By Gabriella Garcia
On Oct. 7 the Non-Profit Housing Association held a virtual meeting with Berkeley’s mayor (who is also the President of the Association of Bay Area Government’s) to introduce their new plans to increase affordable housing in the nine-county Bay Area.
This past Thursday, on Oct. 15, ABAG passed the Regional Housing Needs Allocation (RHNA) methodology, contributing to the first of many steps in NPH’s Road Ahead report introduced last week.
In 1969, California issued a state mandate which declared all California cities, towns, and counties must plan for the housing needs of its residents—regardless of income. This mandate, the Housing Element and Regional Housing Needs Allocation, requires the California Department of Housing and Community Development (HCD) to determine the total number of new homes the Bay Area needs to meet the housing needs of its residents.
This year, the Department of Housing and Community development determined that over 400,000 new units are going to be built by 2030 in order to meet the city’s housing needs.
“This contemplates not only the existing housing needs but where we are going to grow, and the families who are going to move to the region,” he elaborates. “[This number] is almost three times the size that it was during last cycle.”
The methodology proposed this week was recommended by the Housing Methodology Committee, “through a year-long community-lead process where we explored a variety of different approaches that we can take as a region to meet our housing needs”, NPH’s policy manager Rodney Nickens explains.
By approving this method, the Bay Area will address the housing crisis through local and regional policies.
“A lot of the policy changes that have to happen, in order for more housing to be built in our communities, is going to happen at the local level through the Housing Element process… telling zoning policies at the local level to accomodate more housing…in the suburbs”, Nicken’s states.
This cycle prioritizes “high opportunity areas,” wealthy and resourceful communities that are identified by the state government to be “prime communities to build more housing and accept more of [the Bay Area’s] housing growth.”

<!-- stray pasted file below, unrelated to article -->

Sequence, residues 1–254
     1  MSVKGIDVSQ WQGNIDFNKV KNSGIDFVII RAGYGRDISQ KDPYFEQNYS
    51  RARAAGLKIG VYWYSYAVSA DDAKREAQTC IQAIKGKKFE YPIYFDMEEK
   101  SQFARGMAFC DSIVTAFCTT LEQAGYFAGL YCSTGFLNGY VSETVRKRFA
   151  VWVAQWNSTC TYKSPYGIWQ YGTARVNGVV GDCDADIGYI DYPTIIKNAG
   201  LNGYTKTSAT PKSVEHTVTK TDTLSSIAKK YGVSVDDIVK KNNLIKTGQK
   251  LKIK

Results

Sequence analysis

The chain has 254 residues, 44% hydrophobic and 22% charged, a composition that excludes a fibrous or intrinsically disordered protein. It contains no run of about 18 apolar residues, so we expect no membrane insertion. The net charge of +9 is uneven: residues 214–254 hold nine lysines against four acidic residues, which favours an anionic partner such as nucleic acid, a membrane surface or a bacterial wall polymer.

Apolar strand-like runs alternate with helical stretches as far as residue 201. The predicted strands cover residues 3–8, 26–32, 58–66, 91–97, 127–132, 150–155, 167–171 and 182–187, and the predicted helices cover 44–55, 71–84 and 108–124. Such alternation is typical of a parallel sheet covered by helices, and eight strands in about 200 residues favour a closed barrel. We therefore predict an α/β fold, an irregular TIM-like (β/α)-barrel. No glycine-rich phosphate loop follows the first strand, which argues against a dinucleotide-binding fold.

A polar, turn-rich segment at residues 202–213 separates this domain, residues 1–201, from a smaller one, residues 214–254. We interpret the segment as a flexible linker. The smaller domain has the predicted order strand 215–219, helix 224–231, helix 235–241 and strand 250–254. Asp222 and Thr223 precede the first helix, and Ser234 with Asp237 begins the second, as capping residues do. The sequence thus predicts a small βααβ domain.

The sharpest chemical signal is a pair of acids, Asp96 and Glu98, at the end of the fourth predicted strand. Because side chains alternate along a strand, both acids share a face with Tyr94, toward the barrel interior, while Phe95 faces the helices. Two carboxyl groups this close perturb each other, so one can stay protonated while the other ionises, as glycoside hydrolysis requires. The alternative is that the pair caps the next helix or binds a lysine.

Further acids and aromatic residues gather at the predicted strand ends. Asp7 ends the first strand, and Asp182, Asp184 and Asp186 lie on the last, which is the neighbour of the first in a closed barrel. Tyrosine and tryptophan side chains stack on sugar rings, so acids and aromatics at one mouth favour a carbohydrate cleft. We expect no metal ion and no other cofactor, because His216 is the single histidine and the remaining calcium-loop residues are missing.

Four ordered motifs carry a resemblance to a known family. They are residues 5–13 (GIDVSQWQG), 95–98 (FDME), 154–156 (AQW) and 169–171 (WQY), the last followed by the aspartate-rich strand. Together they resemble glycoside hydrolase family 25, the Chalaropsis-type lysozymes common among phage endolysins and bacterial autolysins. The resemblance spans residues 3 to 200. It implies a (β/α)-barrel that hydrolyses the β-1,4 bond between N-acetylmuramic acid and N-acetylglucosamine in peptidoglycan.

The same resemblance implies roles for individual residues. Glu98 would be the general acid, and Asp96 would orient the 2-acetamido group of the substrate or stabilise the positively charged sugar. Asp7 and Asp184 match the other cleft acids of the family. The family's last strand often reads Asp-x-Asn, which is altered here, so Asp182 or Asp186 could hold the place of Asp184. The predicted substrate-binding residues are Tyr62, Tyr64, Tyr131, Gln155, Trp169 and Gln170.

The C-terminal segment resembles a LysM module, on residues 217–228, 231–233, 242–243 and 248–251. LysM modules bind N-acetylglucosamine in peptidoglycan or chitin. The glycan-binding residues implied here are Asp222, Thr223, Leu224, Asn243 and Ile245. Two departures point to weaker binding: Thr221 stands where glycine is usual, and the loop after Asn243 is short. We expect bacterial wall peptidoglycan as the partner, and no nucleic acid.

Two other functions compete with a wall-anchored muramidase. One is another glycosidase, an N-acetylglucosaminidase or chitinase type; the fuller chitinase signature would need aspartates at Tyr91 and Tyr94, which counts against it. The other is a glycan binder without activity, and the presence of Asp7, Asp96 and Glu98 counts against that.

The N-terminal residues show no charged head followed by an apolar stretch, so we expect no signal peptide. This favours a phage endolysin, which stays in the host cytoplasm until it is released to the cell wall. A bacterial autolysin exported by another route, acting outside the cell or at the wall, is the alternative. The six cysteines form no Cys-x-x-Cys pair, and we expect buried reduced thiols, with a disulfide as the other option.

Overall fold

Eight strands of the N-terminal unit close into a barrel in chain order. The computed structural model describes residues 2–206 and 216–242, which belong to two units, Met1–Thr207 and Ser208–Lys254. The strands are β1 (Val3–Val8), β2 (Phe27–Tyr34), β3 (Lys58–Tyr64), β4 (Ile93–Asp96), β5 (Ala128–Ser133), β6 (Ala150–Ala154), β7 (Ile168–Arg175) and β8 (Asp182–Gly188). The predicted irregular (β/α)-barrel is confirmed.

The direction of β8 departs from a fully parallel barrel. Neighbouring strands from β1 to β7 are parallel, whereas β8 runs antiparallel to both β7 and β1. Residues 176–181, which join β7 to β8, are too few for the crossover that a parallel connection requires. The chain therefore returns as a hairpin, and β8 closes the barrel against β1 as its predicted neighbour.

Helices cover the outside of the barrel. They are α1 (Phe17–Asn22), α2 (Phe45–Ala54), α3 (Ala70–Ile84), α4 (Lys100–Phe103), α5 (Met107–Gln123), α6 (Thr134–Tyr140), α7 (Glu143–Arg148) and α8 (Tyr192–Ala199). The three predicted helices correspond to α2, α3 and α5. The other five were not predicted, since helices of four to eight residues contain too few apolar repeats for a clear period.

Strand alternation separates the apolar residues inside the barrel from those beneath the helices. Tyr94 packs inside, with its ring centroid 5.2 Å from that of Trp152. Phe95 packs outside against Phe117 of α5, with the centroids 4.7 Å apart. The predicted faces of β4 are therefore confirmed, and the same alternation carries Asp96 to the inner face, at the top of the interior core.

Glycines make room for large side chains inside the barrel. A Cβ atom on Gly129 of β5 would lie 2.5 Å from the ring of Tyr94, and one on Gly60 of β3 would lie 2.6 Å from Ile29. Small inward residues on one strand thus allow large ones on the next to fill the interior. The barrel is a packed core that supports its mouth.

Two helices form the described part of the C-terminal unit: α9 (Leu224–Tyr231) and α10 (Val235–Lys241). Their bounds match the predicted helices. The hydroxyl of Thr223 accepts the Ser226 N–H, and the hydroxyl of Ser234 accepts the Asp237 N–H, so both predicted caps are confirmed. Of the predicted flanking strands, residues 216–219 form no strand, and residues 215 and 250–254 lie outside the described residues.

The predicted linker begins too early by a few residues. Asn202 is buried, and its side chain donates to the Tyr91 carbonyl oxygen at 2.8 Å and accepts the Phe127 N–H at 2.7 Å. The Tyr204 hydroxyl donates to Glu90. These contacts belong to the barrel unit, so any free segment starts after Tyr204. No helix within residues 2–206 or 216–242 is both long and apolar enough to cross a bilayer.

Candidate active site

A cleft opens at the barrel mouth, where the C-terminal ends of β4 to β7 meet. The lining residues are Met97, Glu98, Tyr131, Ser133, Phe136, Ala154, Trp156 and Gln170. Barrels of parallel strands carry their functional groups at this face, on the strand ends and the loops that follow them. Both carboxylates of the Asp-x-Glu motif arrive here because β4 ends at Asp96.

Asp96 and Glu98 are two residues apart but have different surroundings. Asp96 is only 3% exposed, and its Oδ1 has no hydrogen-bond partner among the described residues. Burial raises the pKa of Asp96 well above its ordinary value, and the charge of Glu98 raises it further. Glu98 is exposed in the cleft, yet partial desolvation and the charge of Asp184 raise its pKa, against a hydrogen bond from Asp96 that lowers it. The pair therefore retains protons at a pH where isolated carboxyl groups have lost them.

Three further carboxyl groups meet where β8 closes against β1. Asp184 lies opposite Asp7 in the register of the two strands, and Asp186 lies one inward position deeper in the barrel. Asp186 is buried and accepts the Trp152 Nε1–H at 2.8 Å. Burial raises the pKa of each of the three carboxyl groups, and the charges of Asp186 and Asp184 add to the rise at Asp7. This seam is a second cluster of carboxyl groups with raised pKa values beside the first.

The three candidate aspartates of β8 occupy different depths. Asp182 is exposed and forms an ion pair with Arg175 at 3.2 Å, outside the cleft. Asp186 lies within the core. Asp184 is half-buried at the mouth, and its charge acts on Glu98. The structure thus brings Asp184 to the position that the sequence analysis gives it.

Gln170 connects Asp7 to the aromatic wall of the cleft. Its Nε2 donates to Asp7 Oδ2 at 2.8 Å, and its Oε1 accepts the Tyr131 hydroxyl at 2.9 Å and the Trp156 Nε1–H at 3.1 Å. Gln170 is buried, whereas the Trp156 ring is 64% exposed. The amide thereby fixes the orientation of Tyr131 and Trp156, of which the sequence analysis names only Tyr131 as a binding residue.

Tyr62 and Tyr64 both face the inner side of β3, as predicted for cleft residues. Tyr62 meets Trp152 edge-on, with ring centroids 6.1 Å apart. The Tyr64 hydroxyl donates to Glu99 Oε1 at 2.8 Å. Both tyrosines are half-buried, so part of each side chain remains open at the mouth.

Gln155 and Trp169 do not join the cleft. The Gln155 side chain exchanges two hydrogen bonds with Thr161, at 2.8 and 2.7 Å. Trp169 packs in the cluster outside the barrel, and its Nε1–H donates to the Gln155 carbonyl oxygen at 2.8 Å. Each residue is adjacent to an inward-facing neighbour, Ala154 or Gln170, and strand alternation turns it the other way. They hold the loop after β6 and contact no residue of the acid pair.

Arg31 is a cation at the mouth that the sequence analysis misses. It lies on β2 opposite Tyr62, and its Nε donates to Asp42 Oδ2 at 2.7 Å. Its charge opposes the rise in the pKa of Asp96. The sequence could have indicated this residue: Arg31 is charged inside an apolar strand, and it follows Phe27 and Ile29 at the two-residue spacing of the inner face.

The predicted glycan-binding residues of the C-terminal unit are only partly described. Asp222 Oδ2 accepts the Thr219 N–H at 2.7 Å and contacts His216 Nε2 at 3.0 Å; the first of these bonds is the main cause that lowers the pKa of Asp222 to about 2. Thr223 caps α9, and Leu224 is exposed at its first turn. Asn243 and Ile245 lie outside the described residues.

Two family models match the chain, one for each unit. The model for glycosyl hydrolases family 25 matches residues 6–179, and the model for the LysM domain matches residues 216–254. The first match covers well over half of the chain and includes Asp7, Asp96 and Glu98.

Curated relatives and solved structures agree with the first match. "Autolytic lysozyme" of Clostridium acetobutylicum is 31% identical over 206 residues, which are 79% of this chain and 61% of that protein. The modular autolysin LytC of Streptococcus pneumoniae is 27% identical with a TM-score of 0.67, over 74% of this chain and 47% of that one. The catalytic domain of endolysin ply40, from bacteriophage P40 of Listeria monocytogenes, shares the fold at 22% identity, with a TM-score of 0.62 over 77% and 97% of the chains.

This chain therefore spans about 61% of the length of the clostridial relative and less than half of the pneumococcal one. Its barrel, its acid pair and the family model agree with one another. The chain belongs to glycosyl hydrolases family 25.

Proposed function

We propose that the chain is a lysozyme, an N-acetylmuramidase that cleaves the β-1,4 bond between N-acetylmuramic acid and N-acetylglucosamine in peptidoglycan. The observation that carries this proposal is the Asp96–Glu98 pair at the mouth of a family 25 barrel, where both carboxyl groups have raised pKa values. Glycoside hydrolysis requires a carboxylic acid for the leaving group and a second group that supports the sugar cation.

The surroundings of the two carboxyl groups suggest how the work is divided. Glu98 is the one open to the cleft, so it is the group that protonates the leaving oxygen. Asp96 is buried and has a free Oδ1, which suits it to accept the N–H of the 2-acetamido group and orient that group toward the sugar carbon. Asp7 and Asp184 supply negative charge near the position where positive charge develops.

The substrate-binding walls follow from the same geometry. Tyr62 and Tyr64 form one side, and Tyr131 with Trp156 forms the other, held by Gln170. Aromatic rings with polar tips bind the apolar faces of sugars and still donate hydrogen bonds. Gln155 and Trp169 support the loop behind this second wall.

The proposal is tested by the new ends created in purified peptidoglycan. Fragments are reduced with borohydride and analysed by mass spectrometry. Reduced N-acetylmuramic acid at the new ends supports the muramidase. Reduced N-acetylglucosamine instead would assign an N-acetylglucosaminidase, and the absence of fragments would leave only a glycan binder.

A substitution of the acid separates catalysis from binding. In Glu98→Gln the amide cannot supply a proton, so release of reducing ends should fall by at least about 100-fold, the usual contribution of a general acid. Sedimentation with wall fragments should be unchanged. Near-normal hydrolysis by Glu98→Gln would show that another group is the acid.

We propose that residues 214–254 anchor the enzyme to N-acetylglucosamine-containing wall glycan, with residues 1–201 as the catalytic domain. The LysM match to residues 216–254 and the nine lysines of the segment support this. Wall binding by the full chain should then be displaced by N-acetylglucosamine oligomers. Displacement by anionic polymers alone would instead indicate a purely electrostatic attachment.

The RHNA is an “extensive process” according to Nickens. Several different options and approaches are discussed during each cycle to meet the needs of each jurisdiction, while taking into account their current financial limits due to the impact of the pandemic.
Nickens explains that some options prioritized developing more housing in Santa Clara County to utilize the abundance of jobs provided in the Silicon Valley, while others–put forward by the Social Equity Advocates—would have been more aggressive in tackling racial segregation in the Bay Area.
“Ultimately, we came to a consensus… option ‘8A,’ which prioritizes high opportunity areas, but also takes into account job proximity by auto and by transit.”
Some of the biggest issues low-income communities of color face is accessibility to transportation services and voter suppression—and NPH plans to address both of these obstacles.
The method agreed upon must “ensure that the Regional Housing Needs Allocation plans for the region,” Nickens claims, “but is also consistent with our long-range… regional transportation plan ‘Plan Bay Area 2050’—tackling greenhouse gas emissions, reducing mega-commutes, and addressing the impact of climate change.”
Plan Bay Area 2050 aims to tackle issues such as pollution and climate change, while still ensuring that citizens have access to transportation services, especially in underserved communities. “We want to make sure that families that do need to get to work by vehicle [can still do so] and have access to communities that are high-resourced communities”, Nickens elaborates. These communities provide essential services such as amenities, well-resourced schools, grocery stores, community centers and libraries.
Furthermore, Nickens believes real change can be made with the support and cooperation of departments such as the Metropolitan Transportation Commission (MTC) and ABAG, “MTC and ABAG have a good amount of authority and influence over not only local jurisdiction, but transit agencies.”
Nickens states, “[The Road Ahead] paper really makes the case for the [Metropolitan Transportation Commission] and ABAG… our regional governing agencies, to step up and take the lead in ushering in a comprehensive regional strategy to address our housing emergency [and] prioritize racial justice.”
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